Zimbabwean Pastor Robert Martin Gumbura imprisoned 50 years for raping 4 members of his congregation


Pastor Robert Martin Gumbura imprisoned for raping 4 members of his congregation

Pastor Robert Martin Gumbura imprisoned for raping 4 members of his congregation

A pastor in Zimbabwe has been sentenced to spend the next half century in prison after he was found guilty of raping 4 female members of his congregation.

Robert Martin Gumbura, the spiritual leader of the “Robert Martin Gumbura Independent End Time Message Church”, is said to have claimed that all female members of his church were his wives.

Gumbura, who has 11 wives and 30 children, had 10 years taken off his sentence because it was his first conviction.

The court heard that Gumbura, 57, claimed that all female members of his church were his wives by right, and married women were on loan from their husbands.

“You were a real wolf in sheepskin,” said magistrate Hoseah Mujaya. The core business of any church is worshipping and not sleeping with girls and women and threaten them that misfortune will befall them.”

The rapes are said to have occurred more than a decade ago. The pastor, who has 11 wives and 30 children, had wanted to sire 100 children.

His conviction included a four-month term for a separate charge of possession of pornographic videos.In his defence, Gumbura stated the DVDs were private recordings with his wives.

Cases of church leaders abusing women are common in Zimbabwe.

Last month a leader of an apostolic sect made news after it was revealed that he had impregnated 13 women in one month.

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Sydney Sekeramayi, Robert Mugabe chooses a successor?


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Harare — PRESIDENT Robert Mugabe has dumped the two main rival factions in Zanu PF, which for years have been plotting against each other to succeed him, in favour of the Minister of State Security in his office, Sydney Sekeramayi, authoritative sources said.

The sources said the 87-year-old leader confided in his inner circles in February that he preferred Sekeramayi to succeed him ahead of both Vice- President Joice Mujuru and Defence minister Emmerson Mnangangwa.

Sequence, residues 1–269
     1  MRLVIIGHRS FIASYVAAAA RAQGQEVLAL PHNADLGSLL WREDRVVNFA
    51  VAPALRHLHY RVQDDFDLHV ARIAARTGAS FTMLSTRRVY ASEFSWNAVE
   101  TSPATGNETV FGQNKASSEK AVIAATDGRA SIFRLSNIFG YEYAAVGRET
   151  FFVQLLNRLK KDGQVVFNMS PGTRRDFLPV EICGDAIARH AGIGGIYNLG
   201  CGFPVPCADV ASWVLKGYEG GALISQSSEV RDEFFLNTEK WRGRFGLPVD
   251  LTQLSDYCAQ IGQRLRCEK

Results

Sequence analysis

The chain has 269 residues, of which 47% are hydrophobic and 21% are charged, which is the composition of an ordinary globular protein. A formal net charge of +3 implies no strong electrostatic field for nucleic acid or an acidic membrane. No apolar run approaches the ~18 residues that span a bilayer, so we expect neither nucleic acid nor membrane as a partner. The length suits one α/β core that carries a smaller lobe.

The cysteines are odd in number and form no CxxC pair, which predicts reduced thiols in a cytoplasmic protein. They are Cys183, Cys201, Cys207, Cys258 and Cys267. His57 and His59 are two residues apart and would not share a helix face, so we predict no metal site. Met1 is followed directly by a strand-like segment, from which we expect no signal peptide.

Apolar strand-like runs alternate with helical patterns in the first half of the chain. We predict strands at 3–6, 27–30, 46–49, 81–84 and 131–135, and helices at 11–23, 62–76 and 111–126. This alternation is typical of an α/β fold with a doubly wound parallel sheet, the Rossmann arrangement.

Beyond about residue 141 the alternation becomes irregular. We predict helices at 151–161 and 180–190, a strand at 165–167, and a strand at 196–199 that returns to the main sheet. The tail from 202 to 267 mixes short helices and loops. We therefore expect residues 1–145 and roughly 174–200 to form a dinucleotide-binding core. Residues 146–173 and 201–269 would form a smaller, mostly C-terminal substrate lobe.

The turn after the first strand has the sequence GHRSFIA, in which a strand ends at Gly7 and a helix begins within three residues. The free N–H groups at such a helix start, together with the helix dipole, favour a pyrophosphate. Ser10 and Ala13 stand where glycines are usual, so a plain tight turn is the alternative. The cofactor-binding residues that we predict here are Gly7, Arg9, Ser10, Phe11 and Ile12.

us embassy cables – zanu-pf like a troop of baboons


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Wednesday, 10 February 2010, 13:00
C O N F I D E N T I A L SECTION 01 OF 02 HARARE 000093
SIPDIS
AF/S FOR BRIAN WALCH
NSC FOR SENIOR AFRICA DIRECTOR MICHELLE GAVIN
ADDIS FOR USAU
EO 12958 DECL: 2020/02/10
TAGS PREL, PGOV, ZI
SUBJECT: XXXXXXXXXXXX’s observations on the political landscape and
U.S.-Zimbabwe relations
REF: HARARE 87; HARARE 36
CLASSIFIED BY: Charles A. Ray, Ambassador, STATE, EXEC; REASON: 1.4(B), (D)

1. (SBU) Pol/econ chief met February 9 with XXXXXXXXXXXX offered his observations on various topics including the state of ZANU-PF, indigenization, and elections.

2. (C) ZANU-PF. XXXXXXXXXXXX described the party as badly fractured. It was like a stick of TNT, susceptible to ignition and disintegration. ZANU-PF was holding together because of the threat of MDC-T and foreign pressure. He likened ZANU-PF to a troop of baboons incessantly fighting among themselves, but coming together to face an external threat. New leadership was essential and would emerge as some of the old timers, including Robert Mugabe, left the scene. XXXXXXXXXXXX opined that Vice President Joice Mujuru or S.K. Moyo (former ambassador to South African and now party chair) were possibilities, although Mujuru’s fear of Mugabe was affecting her ability to lead.

3. (C) MDC-T. According to XXXXXXXXXXXX, MDC-T is alienating supporters because of corruption. He pointed to the Harare suburb of Chitungwiza where MDC-T is investigating its councilors for being on the take. Residents of Chitungwiza blame the party. XXXXXXXXXXXX commented that part of the problem was that many MDC-T local councilors and parliamentarians elected in 2008 had no independent income. Unable to survive on their US$200/month salaries, they were now turning to graft. He also noted that the national party was not enabling parliamentarians to demonstrate, e.g. by bringing home pork, that they were working for their constituents.